Often laparoscopy is a diagnostic procedure, but it can also be a treatment, such as laparoscopic appendectomy or laparoscopic cotosisthectomy.
These techniques have been welcomed in recent years due to reduced hospitalization time, reduced pain and a small cut.
In this method, the doctor sees the abdomen with a camera tube (without opening the abdomen).
This tube is inserted into the umbilical cord under a general anesthetic by creating a very small hole.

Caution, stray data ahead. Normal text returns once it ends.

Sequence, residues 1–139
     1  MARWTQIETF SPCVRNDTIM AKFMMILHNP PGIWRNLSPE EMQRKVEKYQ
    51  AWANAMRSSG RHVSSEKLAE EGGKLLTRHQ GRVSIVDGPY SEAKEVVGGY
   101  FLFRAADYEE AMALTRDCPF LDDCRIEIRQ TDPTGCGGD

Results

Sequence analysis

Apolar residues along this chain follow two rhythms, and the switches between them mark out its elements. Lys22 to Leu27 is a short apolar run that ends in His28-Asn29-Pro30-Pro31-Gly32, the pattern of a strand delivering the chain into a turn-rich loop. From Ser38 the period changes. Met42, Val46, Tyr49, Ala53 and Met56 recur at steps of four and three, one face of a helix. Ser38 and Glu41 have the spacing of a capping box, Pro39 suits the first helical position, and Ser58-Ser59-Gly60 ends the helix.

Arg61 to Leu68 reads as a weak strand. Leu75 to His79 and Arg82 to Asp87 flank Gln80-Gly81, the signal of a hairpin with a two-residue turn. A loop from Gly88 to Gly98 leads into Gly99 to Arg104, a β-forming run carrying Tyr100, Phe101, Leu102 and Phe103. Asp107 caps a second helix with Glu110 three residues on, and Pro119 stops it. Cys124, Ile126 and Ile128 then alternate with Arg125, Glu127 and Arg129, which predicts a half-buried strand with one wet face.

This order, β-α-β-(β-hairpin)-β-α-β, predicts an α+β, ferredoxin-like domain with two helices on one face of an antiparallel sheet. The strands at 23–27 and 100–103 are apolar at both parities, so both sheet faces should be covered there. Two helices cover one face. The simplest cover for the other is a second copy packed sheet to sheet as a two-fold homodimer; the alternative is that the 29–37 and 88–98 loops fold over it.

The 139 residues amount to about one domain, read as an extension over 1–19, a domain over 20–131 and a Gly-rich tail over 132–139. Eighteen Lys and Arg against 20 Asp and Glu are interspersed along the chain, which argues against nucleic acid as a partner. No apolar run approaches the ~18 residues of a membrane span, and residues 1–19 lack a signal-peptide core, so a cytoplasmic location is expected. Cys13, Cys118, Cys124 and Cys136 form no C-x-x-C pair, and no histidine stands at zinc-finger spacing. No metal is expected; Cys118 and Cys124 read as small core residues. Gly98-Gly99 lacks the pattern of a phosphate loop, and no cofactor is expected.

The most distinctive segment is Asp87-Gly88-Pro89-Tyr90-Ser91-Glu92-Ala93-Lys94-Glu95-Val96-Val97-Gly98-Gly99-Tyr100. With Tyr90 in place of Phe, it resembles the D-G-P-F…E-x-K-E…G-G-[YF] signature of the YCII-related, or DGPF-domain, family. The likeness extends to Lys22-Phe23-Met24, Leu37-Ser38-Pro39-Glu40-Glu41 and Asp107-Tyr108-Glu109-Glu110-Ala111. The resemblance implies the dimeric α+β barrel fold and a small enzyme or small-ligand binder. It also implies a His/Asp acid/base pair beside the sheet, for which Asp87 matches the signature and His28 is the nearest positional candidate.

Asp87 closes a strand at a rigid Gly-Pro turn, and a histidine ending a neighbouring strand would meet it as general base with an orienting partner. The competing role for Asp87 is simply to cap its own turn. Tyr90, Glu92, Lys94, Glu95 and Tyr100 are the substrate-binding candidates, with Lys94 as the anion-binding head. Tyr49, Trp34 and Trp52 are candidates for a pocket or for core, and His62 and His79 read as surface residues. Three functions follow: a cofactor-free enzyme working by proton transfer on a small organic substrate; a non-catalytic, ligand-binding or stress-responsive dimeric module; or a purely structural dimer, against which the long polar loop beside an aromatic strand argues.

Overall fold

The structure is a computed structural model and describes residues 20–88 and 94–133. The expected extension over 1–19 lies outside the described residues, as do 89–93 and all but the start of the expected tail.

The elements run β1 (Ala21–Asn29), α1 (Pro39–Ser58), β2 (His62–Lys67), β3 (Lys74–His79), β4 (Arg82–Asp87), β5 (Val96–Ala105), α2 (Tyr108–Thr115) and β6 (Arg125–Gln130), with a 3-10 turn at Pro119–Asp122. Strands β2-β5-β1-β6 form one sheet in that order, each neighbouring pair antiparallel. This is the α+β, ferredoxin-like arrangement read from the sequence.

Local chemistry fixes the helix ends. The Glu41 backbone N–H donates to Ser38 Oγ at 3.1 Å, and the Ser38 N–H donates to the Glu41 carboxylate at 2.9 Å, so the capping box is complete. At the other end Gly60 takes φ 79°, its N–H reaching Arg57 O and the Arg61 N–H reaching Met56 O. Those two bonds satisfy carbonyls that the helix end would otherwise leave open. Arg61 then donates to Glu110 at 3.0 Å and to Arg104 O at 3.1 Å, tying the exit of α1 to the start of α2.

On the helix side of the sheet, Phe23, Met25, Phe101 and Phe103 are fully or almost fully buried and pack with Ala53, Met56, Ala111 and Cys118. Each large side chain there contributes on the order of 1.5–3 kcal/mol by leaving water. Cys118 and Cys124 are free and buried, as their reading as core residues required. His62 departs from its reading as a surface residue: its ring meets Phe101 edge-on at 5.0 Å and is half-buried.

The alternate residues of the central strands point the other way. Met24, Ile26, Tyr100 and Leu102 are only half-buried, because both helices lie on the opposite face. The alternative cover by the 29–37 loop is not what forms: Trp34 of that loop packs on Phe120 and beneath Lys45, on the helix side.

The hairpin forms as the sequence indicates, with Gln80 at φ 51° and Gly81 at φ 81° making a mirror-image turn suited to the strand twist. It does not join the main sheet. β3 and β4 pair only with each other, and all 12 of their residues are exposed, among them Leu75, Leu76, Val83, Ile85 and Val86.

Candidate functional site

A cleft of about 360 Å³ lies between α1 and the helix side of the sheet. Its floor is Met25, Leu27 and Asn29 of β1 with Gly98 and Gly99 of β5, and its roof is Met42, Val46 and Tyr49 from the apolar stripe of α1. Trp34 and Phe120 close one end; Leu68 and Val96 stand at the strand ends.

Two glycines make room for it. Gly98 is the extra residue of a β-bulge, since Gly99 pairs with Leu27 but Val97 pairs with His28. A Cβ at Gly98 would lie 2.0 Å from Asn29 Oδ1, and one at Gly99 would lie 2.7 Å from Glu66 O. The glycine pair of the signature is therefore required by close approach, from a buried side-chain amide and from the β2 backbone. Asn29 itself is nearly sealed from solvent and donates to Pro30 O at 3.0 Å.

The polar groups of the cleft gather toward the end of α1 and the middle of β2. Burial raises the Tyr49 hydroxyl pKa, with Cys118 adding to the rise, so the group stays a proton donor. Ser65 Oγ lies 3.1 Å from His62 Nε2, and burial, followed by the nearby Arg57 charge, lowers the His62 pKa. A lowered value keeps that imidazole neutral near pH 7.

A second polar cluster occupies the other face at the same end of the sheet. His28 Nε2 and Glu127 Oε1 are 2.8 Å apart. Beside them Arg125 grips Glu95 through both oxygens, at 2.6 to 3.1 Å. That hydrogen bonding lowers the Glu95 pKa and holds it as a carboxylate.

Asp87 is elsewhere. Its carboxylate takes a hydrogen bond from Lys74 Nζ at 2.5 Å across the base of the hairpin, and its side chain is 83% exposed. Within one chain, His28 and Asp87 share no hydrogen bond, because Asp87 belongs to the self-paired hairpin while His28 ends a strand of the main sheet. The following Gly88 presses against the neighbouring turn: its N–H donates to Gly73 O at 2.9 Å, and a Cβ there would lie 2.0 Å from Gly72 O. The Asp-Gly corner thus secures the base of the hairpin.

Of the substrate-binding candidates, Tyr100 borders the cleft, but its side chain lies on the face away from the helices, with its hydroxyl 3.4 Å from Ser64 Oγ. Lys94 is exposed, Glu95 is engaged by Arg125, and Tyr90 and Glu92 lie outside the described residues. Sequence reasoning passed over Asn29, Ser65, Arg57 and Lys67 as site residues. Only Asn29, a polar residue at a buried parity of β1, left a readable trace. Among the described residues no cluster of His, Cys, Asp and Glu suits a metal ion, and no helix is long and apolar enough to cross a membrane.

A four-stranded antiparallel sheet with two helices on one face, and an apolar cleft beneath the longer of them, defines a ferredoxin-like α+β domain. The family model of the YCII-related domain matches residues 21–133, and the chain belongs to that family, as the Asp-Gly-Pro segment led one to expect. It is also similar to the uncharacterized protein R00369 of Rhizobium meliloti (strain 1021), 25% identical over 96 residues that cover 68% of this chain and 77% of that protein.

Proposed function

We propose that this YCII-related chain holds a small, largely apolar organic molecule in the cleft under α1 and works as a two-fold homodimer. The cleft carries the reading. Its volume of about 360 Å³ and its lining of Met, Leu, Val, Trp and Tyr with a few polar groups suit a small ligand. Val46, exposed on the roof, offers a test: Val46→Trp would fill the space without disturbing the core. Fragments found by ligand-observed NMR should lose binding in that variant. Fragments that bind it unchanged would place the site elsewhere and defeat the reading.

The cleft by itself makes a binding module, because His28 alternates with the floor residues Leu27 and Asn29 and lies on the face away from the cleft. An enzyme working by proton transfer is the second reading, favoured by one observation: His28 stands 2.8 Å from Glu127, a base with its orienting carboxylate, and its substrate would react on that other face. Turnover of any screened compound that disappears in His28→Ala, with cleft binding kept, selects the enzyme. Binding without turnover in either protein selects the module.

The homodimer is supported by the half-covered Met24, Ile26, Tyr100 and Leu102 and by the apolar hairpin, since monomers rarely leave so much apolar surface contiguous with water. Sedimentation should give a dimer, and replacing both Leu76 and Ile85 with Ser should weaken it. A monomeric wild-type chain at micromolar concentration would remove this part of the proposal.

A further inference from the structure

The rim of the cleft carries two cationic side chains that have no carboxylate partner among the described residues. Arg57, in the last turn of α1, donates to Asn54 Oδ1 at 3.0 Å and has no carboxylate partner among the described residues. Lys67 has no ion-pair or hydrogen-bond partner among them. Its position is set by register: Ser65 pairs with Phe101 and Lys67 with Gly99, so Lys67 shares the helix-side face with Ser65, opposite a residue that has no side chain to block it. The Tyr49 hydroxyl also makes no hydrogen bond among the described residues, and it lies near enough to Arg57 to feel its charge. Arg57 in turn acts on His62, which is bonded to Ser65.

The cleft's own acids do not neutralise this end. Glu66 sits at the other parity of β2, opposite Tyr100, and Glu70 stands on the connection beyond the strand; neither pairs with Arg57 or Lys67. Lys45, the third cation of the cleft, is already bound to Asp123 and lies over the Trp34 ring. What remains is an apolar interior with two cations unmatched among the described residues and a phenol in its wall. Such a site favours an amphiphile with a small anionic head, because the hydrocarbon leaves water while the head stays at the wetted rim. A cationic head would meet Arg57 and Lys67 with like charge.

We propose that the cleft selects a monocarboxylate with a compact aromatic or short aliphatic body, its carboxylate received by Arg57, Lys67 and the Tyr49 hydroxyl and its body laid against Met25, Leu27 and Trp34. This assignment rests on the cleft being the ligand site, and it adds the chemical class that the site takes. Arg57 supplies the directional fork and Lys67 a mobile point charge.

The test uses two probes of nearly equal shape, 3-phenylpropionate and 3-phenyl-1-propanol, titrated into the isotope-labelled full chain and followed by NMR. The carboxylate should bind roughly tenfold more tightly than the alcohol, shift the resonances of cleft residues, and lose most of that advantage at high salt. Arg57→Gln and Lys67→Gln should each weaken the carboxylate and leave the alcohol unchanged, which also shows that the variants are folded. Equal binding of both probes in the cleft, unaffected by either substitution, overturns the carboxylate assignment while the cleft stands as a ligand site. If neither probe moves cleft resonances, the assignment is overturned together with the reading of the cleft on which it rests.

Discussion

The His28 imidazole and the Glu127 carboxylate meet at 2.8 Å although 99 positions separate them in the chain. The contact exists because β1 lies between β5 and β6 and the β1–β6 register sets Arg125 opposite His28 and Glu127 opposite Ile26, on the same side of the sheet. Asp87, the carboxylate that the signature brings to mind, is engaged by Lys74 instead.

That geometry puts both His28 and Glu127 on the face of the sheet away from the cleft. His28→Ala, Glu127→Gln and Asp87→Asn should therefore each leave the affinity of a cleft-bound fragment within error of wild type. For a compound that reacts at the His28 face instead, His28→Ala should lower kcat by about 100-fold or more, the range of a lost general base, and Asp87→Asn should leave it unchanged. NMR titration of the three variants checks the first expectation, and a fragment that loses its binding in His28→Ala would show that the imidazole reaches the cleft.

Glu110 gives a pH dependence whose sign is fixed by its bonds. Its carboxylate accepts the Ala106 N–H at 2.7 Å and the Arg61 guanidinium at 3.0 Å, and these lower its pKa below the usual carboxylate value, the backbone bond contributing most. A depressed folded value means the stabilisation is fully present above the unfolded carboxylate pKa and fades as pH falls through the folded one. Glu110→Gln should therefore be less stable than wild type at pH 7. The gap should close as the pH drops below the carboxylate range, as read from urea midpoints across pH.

Laparoscopy can detect other causes of menstrual pain, such as endometriosis, or pelvic adhesions, or fibroids, or ovarian cysts, and even ectopic pregnancy, and can be treated in some cases.


By creating one or two finite cut-offs (about 1 cm in diameter) on the surface of the skin,
the abdominal cavity in the abdominal tube is inserted into the abdominal device at the top of that camera.
The operation area is lit with cold light (such as halogen).

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